A Rosenkavalier without a heart ain’t much of a Rosenkavalier


In all its minute details, Der Rosenkavalier is rooted in a painstakingly stylised version of Rococo Vienna that, paradoxically, is further fixed in a web of cannily juxtaposed anachronisms. Upset their balance and you risk upsetting the balance of the… Read more

Beguiling musicality: Sébastien Guèze as Rodolfo and Gabriela Istoc as Mimì in Opera North’s ‘La Bohème’

Two Mimi-Rodolfos at Opera North who go from nought to frisky very believably


Purists might have winced at Opera North’s advertisement for its latest revival of La Bohème. ‘If you see one musical this year,’ it said, ‘see this opera.’ Such rhetoric might invite unhelpful discussion of the relative merits of each genre,… Read more

Julian Anderson and Frank McGuinness in Thebans Photo: Tristram Kenton

More woe for Oedipus


I had high hopes for Julian Anderson’s first opera, Thebans. Premièred at the Coliseum last Saturday, it promised to mark a departure from the trendiness of ENO’s recent commissions, Nico Muhly’s Two Boys, for example, or the dreadful Sunken Garden… Read more

Memorable: Joseph Guyton as Andrei Khovansky in ‘Khovanskygate’

Khovanskygate is about the dreadfulness and possible glory of being Russian


Within the space of a few weeks we have had the rare chance of seeing the two great torsos of Russian opera, Borodin’s Prince Igor, unfinished because the composer was often otherwise engaged, and Musorgsky’s Khovanshchina, unfinished because its composer… Read more

Opera Lyon_Peter Grimes Benjamin Britten

Britten’s worldwide reputation is enhanced in Lyon


One of the proudest boasts to come from Britten HQ in Aldeburgh during the composer’s anniversary last year was that performances of his works were proliferating across the globe — and not just in the UK — as never before.… Read more

Bryn Terfel as Méphistophélès and Simon Keenlyside as Valentin in ‘Faust

Bryn Terfel lords it over 'Faust' magnificently


There’s a great deal to disapprove of in Gounod’s Faust. It breaks down a pillar of western literature and whisks up what remains into a flouncy French fancy. It turns the hero’s famous striving into mere lust — for a… Read more

Amanda Roocroft as the Duchess in ‘Powder Her Face’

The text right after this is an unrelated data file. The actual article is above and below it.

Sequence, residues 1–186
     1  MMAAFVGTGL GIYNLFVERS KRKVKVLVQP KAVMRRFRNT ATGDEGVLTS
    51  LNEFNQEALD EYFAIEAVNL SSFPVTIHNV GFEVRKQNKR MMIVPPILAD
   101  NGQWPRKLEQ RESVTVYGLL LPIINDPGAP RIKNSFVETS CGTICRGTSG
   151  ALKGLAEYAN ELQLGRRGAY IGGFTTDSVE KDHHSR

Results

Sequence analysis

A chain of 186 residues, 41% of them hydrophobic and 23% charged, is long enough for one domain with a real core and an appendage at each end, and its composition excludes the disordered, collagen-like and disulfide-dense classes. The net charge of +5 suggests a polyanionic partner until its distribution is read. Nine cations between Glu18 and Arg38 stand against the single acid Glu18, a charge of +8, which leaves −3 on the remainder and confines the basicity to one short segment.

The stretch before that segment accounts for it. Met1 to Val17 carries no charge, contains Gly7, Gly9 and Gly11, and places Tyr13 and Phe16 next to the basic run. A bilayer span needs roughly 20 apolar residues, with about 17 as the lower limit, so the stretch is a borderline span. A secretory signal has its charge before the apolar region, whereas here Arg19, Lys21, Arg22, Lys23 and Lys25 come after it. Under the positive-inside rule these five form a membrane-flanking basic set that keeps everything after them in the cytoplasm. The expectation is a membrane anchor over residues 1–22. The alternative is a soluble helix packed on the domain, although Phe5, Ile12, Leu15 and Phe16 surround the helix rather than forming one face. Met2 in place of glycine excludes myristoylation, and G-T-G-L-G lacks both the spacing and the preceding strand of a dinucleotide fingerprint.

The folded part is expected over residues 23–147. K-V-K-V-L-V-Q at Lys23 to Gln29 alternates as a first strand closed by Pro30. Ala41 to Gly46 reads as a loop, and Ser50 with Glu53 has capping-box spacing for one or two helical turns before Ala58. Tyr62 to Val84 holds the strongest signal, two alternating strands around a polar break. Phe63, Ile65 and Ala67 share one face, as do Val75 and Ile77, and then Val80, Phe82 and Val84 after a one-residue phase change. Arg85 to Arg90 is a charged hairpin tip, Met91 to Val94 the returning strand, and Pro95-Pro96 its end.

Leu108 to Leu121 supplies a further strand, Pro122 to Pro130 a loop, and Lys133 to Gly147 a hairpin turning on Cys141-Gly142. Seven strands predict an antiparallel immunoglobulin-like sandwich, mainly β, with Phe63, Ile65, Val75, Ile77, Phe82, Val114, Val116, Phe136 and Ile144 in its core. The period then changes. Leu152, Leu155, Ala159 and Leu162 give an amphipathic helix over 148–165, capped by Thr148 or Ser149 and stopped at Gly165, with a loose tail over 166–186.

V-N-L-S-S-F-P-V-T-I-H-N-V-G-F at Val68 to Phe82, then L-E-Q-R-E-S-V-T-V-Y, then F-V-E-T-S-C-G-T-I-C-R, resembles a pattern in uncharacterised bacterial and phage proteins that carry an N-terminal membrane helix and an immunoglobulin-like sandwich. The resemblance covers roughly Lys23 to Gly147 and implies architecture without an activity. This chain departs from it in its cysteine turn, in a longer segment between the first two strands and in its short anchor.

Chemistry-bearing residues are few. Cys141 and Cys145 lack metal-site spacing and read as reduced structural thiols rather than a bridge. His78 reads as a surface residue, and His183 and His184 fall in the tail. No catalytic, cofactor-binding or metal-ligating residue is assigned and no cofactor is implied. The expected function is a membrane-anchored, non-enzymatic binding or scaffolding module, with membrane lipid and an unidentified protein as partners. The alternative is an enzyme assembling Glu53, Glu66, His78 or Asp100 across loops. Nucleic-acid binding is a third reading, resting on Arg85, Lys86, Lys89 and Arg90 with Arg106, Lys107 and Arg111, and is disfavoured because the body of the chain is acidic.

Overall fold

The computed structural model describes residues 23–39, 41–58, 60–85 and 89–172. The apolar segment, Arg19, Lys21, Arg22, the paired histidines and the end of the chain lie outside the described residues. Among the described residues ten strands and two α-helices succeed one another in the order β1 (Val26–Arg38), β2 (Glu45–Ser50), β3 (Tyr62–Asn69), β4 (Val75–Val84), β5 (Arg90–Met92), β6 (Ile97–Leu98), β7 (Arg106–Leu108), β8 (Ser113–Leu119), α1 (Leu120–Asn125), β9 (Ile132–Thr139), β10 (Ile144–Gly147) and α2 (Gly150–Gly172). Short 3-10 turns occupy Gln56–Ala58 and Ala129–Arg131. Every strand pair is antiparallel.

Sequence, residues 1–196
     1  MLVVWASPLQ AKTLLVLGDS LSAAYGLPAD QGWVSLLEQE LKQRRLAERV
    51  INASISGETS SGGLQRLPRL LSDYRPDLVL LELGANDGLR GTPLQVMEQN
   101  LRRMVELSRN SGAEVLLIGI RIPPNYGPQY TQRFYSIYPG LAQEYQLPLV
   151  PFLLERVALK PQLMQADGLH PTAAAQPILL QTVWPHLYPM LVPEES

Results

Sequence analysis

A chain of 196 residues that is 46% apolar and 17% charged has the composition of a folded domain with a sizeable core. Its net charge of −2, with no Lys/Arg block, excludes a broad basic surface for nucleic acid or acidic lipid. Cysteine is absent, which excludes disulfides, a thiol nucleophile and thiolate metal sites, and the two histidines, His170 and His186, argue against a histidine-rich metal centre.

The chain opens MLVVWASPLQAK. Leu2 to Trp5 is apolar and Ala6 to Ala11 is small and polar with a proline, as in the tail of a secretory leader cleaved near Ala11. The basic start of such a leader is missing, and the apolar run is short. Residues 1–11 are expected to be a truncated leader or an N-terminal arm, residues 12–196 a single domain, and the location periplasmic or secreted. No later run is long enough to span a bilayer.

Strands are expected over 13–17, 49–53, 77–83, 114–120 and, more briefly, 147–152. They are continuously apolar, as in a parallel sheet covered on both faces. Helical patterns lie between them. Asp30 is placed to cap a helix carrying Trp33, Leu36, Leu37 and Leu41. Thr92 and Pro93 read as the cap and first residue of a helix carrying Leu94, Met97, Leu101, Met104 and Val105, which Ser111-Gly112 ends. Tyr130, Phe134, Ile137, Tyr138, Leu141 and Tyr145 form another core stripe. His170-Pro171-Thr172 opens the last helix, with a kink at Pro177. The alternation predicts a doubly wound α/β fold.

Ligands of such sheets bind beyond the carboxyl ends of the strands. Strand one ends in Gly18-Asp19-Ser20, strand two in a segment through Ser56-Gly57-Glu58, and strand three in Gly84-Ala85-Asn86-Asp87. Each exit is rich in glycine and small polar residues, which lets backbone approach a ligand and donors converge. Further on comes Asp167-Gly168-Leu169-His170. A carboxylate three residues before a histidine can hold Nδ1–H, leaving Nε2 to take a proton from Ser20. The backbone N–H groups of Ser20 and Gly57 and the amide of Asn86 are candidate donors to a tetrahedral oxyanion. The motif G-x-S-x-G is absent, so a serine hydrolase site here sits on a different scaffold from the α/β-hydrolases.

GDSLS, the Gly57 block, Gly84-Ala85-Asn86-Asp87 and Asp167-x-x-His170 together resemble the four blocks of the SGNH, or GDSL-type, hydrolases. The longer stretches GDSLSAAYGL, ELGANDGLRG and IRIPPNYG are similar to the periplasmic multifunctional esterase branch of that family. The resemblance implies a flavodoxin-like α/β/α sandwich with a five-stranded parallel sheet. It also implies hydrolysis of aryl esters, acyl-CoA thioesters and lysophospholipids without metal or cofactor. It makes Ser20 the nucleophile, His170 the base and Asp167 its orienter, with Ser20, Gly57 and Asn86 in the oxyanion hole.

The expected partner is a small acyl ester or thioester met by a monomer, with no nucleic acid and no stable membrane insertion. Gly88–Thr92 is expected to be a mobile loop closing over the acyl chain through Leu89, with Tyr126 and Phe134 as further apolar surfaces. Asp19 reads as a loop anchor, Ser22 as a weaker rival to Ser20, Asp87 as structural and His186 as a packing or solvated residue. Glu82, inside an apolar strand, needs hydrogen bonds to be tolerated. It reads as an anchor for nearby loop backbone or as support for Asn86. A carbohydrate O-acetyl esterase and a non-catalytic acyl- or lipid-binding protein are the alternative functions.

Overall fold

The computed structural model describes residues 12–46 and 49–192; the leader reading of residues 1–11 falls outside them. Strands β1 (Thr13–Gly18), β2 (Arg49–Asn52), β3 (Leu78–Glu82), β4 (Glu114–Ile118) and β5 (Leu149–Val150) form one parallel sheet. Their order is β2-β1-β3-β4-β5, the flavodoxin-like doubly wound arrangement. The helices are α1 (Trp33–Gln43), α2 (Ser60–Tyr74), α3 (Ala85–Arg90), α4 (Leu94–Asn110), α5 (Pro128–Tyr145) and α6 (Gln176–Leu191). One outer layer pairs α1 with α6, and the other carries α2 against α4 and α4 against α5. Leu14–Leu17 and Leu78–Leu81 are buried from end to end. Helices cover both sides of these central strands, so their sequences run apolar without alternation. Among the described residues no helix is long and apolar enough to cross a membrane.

Mixed results from the ENO and ROH in their seasonal away games


It’s been a spring tradition for several years now for English National Opera to present small-scale productions in various venues around London. But this year the Royal Opera followed suit, heading across the Thames to the new Sam Wanamaker Playhouse… Read more

Emily Magee as Empress; Johan Botha as Emperor © ROH / Clive Barda

The snobbery and sweaty brows of watching opera in the cinema


I remain puzzled that, so far as I know, no daily or weekly paper carries reviews of the New York Met opera relays (I’m not a denizen of the blogosphere, where they may well swarm). To judge from the number… Read more

Ariodante at the Royal Academy of Music

Handelian pleasures vs modern head-scratchers


Opera seems almost always to have been acutely concerned with its own future. These days this is most often manifested in occasionally desperate, sometimes patronising attempts to entice new audiences to the art form. A new three-way initiative between Aldeburgh… Read more

Emily Magee as Empress; Johan Botha as Emperor © ROH / Clive Barda

The Royal Opera House's Die Frau ohne Schatten – a dream solution to Strauss’s problem opera?


If ever an opera was weighed down by its creators’ joint ambition, it is Die Frau ohne Schatten. Richard Strauss and his librettist Hugo von Hofmannsthal quickly began to imagine their third true collaboration, produced during the 1910s but not… Read more

Smitten: Jason Bridges (Armand) and Sarah Tynan (Manon) in ‘Boulevard Solitude’

Opera's fallen women


Opera’s grim fascination with ‘fallen women’ — as Welsh National Opera has called its latest mini-season — lies largely in the spectacle of the fall itself. But in Hans Werner Henze’s Boulevard Solitude, the composer’s 1952 operatic debut, the heroine… Read more

Kelly Cae Hogan (Lady Macbeth) and Béla Perencz (Macbeth)

ENO's Rodelinda: near-perfect singing, perfectly gimmicky direction


I wasn’t going to write about Handel’s Rodelinda, wasn’t even intending to go, but thanks to the kindness of the press office at ENO I did, and it was so marvellous that I can’t resist expressing my delight. Not that… Read more

Clean-voiced and suave: Mark Wilde as the balladeer Jonny Inkslinger in‘Paul Bunyan’

Why is Tippett's King Priam so difficult to love?


The difference between lovable, likable and admirable is perhaps more significant in the operatic world than in other artistic spheres — and is often, alas, translatable directly into all-important box-office receipts. The most ambitious production in English Touring Opera’s spring… Read more

Rigoletto performed by The English National Opera at the London Coliseum

Rigoletto in a gentleman's club


So it’s farewell to the fedoras and adieu to the jukebox. After 32 years of service, Jonathan Miller’s Little Italy staging of Rigoletto has been given the heave-ho by English National Opera and replaced by a younger model. First seen… Read more